State and commercial actors may also function as go-betweens, thus playing an important, indirect role as enablers. During the Rwandan genocide, even after a UN arms embargo sought to stop the flow of weapons into that country, arms continued to arrive routed through nearby countries and facilitated by international corporations. A 2009 SIPRI [Stockholm International Peace Research Institute] study revealed that more than 90 percent of air cargo carriers used by international organizations and humanitarian agencies to transport crisis response supplies were also named in open source reports on arms trafficking. Individual business people can be instrumental as suppliers or middle-men: international arms merchant Viktor Bout is a famous example, but others include the Dutch businessman convicted of providing chemical components that Saddam Hussein's regime used against Kurdish civilians.
Countries and commercial actors also act as enablers when they are engaged in the exploitation of natural resources that generate revenues for the perpetrators, thereby sustaining their capacity to abuse civilian populations. Examples include eastern Congo, where windfalls from the illicit mineral trade fuel the rebels' pursuit of arms and thus contribute to atrocities against civilians. In recent times, which the West hopes are now in the past, the military rulers of Burma derived massive export earnings from their gem mines, which helped to finance their brutal repression of that country's citizens.
Approaches for Halting Enablers
Various efforts to halt or punish enablers—without calling them by that name or viewing them as a distinct set of actors—already exist. The approaches governments choose, therefore, must take those into account and could build on those efforts. Usually state actors will likely be most susceptible to approaches by other governments, international organizations, and regional organizations. Because the relationships between the U.S. and governments that act as enablers are likely to be complicated—and often may not prioritize human rights—we need to be realistic as well as creative about pressure that the U.S. government could apply. Commercial actors will likely be sensitive to approaches from those governments and international and regional organizations too, as well as from consumers and other market-based forces, whether acting on their own, through guideline initiatives, or through non-governmental organizations.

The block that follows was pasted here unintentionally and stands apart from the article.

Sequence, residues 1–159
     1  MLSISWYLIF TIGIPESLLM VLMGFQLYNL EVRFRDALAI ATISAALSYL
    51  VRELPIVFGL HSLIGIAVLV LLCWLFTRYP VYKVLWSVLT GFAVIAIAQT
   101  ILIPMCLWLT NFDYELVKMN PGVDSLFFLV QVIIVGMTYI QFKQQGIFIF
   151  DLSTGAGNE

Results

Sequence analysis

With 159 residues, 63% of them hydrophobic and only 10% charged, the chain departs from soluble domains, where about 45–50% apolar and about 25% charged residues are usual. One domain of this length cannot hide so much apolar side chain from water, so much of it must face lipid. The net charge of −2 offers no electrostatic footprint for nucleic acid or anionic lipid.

The mildest existing approach emphasizes information: in situations in which enablers are involved unwittingly or are particularly susceptible to concerns about negative publicity, shining a critical spotlight on their role may be sufficient to get their attention. Some entities—particularly multinational corporations with strong presences in the U.S. or Europe—may then be open to new commitments to transparency and due diligence standards to protect human rights.
For example, at least one company investigated for the October 2009 Panel of Experts report on violations of the arms embargo in Darfur was willing to cooperate and fully disclose its relationships in Sudan in order to ensure compliance with UN sanctions. On the other hand, as we have seen through the ongoing role of countries such as China and Russia in the crisis in Darfur, even in the face of public protest in the U.S. and internationally, public attention alone is often insufficient. While this approach might be a useful first step, over-reliance on it may risk oversimplifying complex situations, thereby limiting success.
A stronger and more concerted approach, but one that pertains only to commercial actors, involves the range of mechanisms that has emerged over the past decade to engage corporations in more responsible practices that protect human rights. A number of these efforts involve the U.S. and other governments, and civil society actors have played a key role in each case. One example is the Kimberley Process, which brings together governments, corporations, and civil society in an effort to regulate the diamond trade. Others include the Voluntary Principles, the OECD Guidelines, and the UN Global Compact.